The primary camera on the Play 8X-1100 has Sony's Exmor RS sensor which is a staple in Xolo's high-end phones. We loved the performance of this sensor. The camera app is the stock Gingerbread one we've used before and it doesn't have any features worth mentioning.
In our daylight testing we noticed that apart from a green hue that occasionally set in with certain shots, details were typical of Sony sensors - crisp and warm, with natural colours. There was no barrel distortion either. We must make a mention of how quickly the lens refocused from shout to shot. It was almost as good as the performance of some highly-priced flagship smartphones.
Even the performance in low-light is really good. There is some noise that creeps in but it is not too drastic. The 5-megapixel front camera is almost as good as the one we saw in the HTC Desire 816 (Review | Pictures) and the Sony Xperia C3 Dual (Review | Pictures), which is saying a lot. It captured some really good selfies and we were almost tempted to post them on Instagram.
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All is not hunky dory though, as the camera cannot capture good 1080p video. This could be because it uses the .3GP format which loses a lot of details in compression. As a result we ended up with video that had choppy framerates, issues with exposure detection, imbalanced colours, and overall loss of details.
In daily use we found that the Play 8X-1100 was mostly zippy and there were no lags. After our mild disappointment with the Xolo Play Zone software, we got down to business and downloaded a few games including Dead Trigger 2, Asphalt 8 and Temple Run 2 to see how each of them performed. Temple Run 2 ran smoothly without any hiccups at all. In Dead Trigger 2, the graphics settings were set to low by default. We cranked things up and were pleasantly surprised to find that apart from occasional lags when tons of zombies swarm a particular area, the phone managed to hold up well. Asphalt 8 also ran without hiccups most of the time. However, please bear in mind that there is no special hardware in this phone to earn the special 'Xolo Play' branding, and we expect all phones with similar specs to perform just as well.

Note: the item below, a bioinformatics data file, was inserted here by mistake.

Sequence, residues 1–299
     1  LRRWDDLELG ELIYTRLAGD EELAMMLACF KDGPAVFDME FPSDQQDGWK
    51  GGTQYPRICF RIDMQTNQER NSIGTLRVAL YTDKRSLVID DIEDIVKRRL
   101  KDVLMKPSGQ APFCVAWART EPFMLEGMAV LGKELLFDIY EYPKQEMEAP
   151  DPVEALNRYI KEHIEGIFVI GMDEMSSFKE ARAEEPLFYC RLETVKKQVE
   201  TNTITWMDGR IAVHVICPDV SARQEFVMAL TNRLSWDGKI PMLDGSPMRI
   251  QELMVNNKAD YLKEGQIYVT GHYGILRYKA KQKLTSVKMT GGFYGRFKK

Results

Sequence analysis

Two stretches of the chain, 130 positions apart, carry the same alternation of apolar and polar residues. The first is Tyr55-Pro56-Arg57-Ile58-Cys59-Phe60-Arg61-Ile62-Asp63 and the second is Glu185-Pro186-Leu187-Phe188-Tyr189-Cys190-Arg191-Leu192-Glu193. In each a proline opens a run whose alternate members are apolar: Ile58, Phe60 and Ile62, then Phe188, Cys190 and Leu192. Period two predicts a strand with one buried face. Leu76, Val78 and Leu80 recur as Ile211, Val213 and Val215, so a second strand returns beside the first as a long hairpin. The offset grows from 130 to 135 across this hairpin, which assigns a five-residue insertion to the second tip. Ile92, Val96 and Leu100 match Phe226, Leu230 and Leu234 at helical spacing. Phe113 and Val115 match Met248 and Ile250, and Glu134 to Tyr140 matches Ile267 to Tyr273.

We ran our regular suite of benchmarks. In GFXbench the phone scored 14.3fps whereas in the more intensive 3D Mark Ice Storm test it managed a score of 6,674. These scores put the Play 8X-1100 within touching distance of the Asus Zenfone 5 (Review | Pictures), which has the best graphics benchmark results for devices under Rs. 15,000. In AnTuTu and Quadrant, the phone scored, 30,092 and 13,898 respectively, which are both well above the scores of competing phones.
The phone played all the videos we threw at it just fine, including our heavily encoded 40mbps file. The audio quality, via both the bundled headset and in-built speakers, is not too great. The speaker doesn't get too loud and also crackles at high volumes. We found that the sound quality was really good.
The one area where Xolo could have done a bit more is the performance of the battery. It lasted us 5 hours and 25 minutes in our video loop test. This doesn't bode well for a phone that aims to be made for gamers, unless the company thinks its customers will be happy carrying external batteries around everywhere. Using the Xolo power app you can save some precious battery life, but don't expect the difference to be a lot.
The Xolo Play 8X-1100 is available for around Rs.14,000 online, which is a good price for a phone that performs so well. From playing games to capturing photographs, the 8X-1100 doesn't disappoint. However, it cannot capture good videos, the design is awkward, and the battery life is not too great. If you can look past these flaws then the Play 8X-1100 is not a bad investment. The alternatives to this phone are the Moto G (Gen 2) (Review | Pictures), Asus Zenfone 5, and HTC Desire 616 (Review | Pictures), which has recently received a price cut.
Xolo Play 8X-1100 in pictures